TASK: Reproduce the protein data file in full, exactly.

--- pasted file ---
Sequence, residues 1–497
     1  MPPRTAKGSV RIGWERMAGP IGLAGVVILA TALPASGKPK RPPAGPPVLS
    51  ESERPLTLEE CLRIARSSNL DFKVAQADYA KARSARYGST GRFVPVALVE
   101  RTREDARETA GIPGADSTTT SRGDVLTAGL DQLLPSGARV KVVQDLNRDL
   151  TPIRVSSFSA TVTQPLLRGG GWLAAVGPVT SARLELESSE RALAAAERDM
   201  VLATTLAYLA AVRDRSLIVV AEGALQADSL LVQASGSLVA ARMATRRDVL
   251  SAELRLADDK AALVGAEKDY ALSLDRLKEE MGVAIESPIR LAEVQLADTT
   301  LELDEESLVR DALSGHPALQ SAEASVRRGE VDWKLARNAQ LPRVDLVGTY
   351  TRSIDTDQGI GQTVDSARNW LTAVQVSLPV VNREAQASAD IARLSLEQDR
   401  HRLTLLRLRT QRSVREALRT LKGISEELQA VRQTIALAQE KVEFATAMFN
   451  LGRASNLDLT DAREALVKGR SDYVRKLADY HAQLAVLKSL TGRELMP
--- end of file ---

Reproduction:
Sequence, residues 1–497
     1  MPPRTAKGSV RIGWERMAGP IGLAGVVILA TALPASGKPK RPPAGPPVLS
    51  ESERPLTLEE CLRIARSSNL DFKVAQADYA KARSARYGST GRFVPVALVE
   101  RTREDARETA GIPGADSTTT SRGDVLTAGL DQLLPSGARV KVVQDLNRDL
   151  TPIRVSSFSA TVTQPLLRGG GWLAAVGPVT SARLELESSE RALAAAERDM
   201  VLATTLAYLA AVRDRSLIVV AEGALQADSL LVQASGSLVA ARMATRRDVL
   251  SAELRLADDK AALVGAEKDY ALSLDRLKEE MGVAIESPIR LAEVQLADTT
   301  LELDEESLVR DALSGHPALQ SAEASVRRGE VDWKLARNAQ LPRVDLVGTY
   351  TRSIDTDQGI GQTVDSARNW LTAVQVSLPV VNREAQASAD IARLSLEQDR
   401  HRLTLLRLRT QRSVREALRT LKGISEELQA VRQTIALAQE KVEFATAMFN
   451  LGRASNLDLT DAREALVKGR SDYVRKLADY HAQLAVLKSL TGRELMP